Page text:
It has often cost a lot less to cremate than to embalm and ensepulcher a corpse, but an alert astronaut and his buddies may change all that with their project to rocket the ashes into outer space for roughly $4,000.
The Celestis company of Melbourne, Fla., has contracted with Space Services Inc. of Houston to build the launch rockets. Former astronaut Donald (Deke) Slayton heads the firing end of the business. Slayton has said little capsules containing the ashes would wind up in the Van Allen radiation belt 1,900 miles distant and would not violate a general agreement to keep space free of orbiting clutter.
You would have the body cremated the usual way, but instead of getting a peck of ashes to toss about the Shalimar Gardens or other lovely spot, you would turn them over to Celestis for a "further reduction," to fit into a capsule two inches long, half an inch wide.
John Cherry, a spokesman for Celestis, told Reuter news service that marketing efforts will begin in 30 days. The company believes there is a substantial public interest in the project and it hopes to attract many customers from England and Japan as well as here.
The capsules will be of titanium, designed by space engineers, Cherry said, and could be engraved with a cross or other religious symbol along with the person's name and Social Security number. It was said the capsules would orbit the earth for 63 million years.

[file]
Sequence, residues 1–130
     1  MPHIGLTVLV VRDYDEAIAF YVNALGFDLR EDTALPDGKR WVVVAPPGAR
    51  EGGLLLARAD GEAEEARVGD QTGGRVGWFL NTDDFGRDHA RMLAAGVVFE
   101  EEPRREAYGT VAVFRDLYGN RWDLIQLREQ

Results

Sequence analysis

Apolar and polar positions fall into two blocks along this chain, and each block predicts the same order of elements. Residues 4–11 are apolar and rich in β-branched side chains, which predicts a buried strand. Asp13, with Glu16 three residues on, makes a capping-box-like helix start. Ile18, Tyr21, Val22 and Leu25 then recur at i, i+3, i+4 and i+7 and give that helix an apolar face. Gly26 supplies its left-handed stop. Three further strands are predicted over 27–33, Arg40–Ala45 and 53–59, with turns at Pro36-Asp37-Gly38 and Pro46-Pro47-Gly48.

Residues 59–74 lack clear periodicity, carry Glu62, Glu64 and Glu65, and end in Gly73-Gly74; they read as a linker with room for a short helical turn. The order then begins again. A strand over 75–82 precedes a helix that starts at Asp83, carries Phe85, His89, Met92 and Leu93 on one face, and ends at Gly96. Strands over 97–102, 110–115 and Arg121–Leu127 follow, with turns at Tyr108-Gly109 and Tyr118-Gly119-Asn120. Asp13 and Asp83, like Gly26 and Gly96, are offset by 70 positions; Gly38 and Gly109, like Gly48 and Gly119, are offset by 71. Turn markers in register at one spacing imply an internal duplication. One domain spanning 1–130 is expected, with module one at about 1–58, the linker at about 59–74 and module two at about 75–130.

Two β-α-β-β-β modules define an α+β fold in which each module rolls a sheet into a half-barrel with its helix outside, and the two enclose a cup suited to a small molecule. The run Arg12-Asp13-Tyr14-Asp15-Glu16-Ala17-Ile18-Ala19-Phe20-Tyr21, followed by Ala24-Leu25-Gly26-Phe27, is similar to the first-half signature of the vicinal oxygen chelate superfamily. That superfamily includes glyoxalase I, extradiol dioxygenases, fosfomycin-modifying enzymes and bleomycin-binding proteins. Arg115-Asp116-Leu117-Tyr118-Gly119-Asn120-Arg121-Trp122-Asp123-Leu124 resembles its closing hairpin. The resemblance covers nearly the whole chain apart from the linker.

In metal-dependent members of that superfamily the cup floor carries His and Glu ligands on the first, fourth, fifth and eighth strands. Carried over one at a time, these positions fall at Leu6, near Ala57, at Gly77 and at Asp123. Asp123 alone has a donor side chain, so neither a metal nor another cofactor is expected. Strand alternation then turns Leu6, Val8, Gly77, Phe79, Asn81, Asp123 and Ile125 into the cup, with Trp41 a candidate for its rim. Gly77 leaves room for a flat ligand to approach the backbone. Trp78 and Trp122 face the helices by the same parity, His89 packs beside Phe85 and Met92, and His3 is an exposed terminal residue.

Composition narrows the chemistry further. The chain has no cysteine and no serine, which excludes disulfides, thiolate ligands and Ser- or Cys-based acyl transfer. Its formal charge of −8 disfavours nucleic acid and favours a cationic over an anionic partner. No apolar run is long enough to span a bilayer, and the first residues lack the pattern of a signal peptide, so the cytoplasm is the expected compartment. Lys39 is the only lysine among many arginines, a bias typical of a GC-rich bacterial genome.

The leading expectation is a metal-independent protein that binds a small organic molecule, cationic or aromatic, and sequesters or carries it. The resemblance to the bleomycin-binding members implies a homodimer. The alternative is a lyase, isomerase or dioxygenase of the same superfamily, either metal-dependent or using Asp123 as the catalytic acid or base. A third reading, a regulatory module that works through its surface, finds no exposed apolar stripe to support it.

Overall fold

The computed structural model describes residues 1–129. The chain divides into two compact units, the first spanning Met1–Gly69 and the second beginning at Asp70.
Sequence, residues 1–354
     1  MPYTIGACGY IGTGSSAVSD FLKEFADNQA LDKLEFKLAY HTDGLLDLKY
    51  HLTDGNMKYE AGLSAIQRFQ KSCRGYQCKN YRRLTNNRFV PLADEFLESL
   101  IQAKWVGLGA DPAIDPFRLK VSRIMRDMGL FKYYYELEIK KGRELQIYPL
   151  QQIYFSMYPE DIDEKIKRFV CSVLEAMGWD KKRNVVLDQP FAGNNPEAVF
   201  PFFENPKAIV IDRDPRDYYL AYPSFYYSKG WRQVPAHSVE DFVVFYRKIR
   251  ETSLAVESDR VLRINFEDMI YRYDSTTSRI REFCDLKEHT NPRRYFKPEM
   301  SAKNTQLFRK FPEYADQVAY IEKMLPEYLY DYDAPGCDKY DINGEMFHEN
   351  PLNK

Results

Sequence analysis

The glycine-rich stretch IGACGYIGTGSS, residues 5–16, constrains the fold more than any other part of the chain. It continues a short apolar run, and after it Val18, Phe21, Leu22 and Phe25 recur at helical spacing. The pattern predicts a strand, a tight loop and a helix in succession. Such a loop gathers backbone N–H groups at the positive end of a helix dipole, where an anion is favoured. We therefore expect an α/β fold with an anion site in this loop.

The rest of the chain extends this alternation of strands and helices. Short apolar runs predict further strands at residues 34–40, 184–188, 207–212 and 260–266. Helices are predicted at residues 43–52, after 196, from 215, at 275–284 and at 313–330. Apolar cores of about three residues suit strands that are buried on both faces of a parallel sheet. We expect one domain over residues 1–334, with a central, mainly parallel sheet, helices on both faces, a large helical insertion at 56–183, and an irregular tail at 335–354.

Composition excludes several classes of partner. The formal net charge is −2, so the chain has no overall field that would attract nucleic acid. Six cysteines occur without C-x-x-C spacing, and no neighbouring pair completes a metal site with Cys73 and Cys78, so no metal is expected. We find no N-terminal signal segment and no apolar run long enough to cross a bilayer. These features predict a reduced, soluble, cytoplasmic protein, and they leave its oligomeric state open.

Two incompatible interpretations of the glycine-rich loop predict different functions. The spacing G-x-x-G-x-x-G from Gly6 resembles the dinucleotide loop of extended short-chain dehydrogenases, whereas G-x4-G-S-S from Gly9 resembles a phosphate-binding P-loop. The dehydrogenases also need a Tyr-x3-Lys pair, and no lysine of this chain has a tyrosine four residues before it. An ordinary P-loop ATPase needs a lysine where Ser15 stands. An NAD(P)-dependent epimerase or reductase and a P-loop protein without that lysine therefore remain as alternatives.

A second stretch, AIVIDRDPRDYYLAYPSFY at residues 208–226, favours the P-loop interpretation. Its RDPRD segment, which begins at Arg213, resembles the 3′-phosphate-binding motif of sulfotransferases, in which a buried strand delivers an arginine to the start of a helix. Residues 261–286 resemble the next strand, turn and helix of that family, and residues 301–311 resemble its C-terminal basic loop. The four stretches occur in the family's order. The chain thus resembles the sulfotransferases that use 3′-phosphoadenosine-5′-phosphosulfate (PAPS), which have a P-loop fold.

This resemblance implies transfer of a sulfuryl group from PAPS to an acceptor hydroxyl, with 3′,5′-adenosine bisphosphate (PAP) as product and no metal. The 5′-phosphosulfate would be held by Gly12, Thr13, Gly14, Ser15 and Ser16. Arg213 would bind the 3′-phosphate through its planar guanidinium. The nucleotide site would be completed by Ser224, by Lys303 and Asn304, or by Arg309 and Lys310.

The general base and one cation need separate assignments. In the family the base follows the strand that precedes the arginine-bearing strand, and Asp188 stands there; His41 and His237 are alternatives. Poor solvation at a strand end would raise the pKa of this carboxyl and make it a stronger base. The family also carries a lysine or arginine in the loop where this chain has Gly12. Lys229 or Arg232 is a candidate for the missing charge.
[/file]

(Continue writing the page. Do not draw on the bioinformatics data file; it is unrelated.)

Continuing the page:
Attempts to reach Cherry in Florida were unavailing yesterday. It is not yet clear whether the Social Security number is for purposes of future taxes or not, and it is not known what happens to the mortal remains after the 63 million years, or what redress the purchaser has if the system should somehow fail after, say, 57 million years.
Slayton, reached in Texas, said it depends on the trajectory how long something stays in orbit, and the trajectory chosen is for 63 million years. It is understood an occasional diehard might object, but Slayton said he believed that for most people 63 million years "would seem long enough." He was not privy, he said, to the "further reduction" process of getting people into the capsules, but foresaw no problem shooting them into the right trajectory once they were there.